In Wangfujing, a famous shopping district in central Beijing, a crowd of spectators gathered spontaneously in front of a big TV screen on Tuesday morning.
“It’s very cheering. She’s of Chinese origin and has returned to China. I feel proud of her,” said Beijing resident Jiang Yu, 36, according to The Associated Press.
Meanwhile, people rushed online to celebrate Gu’s victory on the Chinese social media platform Weibo. As of Tuesday morning, one hashtag about her win had received over 900 million views. Of the site’s top trending topics, five were about Gu.
“18-year-old Eileen stands on the podium and tells the world: Confident Chinese look so beautiful,” one user commented, quickly receiving over 32,000 likes.
Users later reported that the network had temporarily gone down following her win, according to Chinese news outlet Phoenix New Media.
Not all US-born athletes competing for China have been equally embraced by the Chinese public, however.
Figure skater Zhu Yi, 19, came under attack on social media after she crashed into a wall during Sunday’s women’s short program team event. So she finished last in Monday’s free skating event, bursting into tears after stumbling during her routine, according to the South China Morning Post.
Social media posts mocked her for falling while others criticized her for not being fluent in Chinese.
“It’s such a shame for our country,” said one Weibo user, referring to Zhu’s performance. “Why did we send such an athlete and not to mention we are the host country.”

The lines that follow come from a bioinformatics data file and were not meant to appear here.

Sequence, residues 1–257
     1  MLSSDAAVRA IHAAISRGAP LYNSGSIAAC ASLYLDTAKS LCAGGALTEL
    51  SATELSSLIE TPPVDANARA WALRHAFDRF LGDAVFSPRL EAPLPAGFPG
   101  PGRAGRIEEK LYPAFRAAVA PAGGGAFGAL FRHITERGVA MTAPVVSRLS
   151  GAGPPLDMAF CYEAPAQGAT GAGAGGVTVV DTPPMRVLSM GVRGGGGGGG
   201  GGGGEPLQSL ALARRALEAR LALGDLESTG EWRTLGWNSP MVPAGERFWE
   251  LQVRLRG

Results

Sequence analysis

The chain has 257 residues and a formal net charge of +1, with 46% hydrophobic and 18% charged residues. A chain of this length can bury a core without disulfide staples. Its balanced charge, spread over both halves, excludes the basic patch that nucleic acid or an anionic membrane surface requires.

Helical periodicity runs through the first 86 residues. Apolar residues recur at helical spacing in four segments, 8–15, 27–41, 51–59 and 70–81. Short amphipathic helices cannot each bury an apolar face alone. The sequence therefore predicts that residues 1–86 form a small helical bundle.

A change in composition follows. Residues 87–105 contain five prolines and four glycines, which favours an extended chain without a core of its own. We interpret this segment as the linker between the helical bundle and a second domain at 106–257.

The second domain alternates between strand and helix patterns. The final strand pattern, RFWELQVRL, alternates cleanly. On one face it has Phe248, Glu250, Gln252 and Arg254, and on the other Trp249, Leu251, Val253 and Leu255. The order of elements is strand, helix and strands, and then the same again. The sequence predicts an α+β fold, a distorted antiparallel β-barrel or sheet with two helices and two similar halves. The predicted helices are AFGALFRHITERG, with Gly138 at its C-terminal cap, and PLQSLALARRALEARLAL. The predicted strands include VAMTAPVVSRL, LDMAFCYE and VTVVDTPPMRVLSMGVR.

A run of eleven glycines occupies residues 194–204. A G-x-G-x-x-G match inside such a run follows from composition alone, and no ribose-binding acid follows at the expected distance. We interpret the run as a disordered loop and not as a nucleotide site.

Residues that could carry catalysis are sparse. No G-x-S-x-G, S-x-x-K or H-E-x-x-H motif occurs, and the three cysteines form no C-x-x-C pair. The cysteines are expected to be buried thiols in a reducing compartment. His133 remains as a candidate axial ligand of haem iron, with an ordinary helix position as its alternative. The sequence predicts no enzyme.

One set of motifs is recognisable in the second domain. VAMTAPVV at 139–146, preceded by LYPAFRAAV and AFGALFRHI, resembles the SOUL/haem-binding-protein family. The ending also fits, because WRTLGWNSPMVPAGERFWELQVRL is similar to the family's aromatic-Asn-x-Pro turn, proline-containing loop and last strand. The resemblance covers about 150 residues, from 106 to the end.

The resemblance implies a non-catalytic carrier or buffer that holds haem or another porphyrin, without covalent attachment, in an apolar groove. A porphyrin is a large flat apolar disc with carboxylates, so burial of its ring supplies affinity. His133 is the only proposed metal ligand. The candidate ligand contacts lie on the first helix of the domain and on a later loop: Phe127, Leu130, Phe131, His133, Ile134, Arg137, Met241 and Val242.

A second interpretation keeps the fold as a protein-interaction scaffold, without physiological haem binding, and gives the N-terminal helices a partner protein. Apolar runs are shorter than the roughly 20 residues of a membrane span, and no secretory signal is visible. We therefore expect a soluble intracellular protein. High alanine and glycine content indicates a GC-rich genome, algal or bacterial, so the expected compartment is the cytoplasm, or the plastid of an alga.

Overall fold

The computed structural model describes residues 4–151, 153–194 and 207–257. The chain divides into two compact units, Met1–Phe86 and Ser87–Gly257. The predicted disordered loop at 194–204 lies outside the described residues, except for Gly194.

“There’s no next time,” wrote another user, under a video of Zhu crying at the end of her performance, according to The AP. “How shameful.” That comment was liked more than 45,000 times.
The abuse contrasts starkly to the adoration received by Gu.
As online criticism of Zhu mounted, Gu came to the defense of her teammate.
“Making mistakes and pressure are all part of sports,” she said at a news conference after her victory, according to The AP.
But she also responded to an Instagram post by the US news site Insider reporting on attacks on Zhu by Chinese social-media users.
“As someone who actually uses Chinese social platforms I’m going to say right here that over 90 percent of comments are positive and uplifting,” Gu commented. “It’s part of the sport and everyone understands rhat [sic].”
Associated Press other NBC Olympics contributed.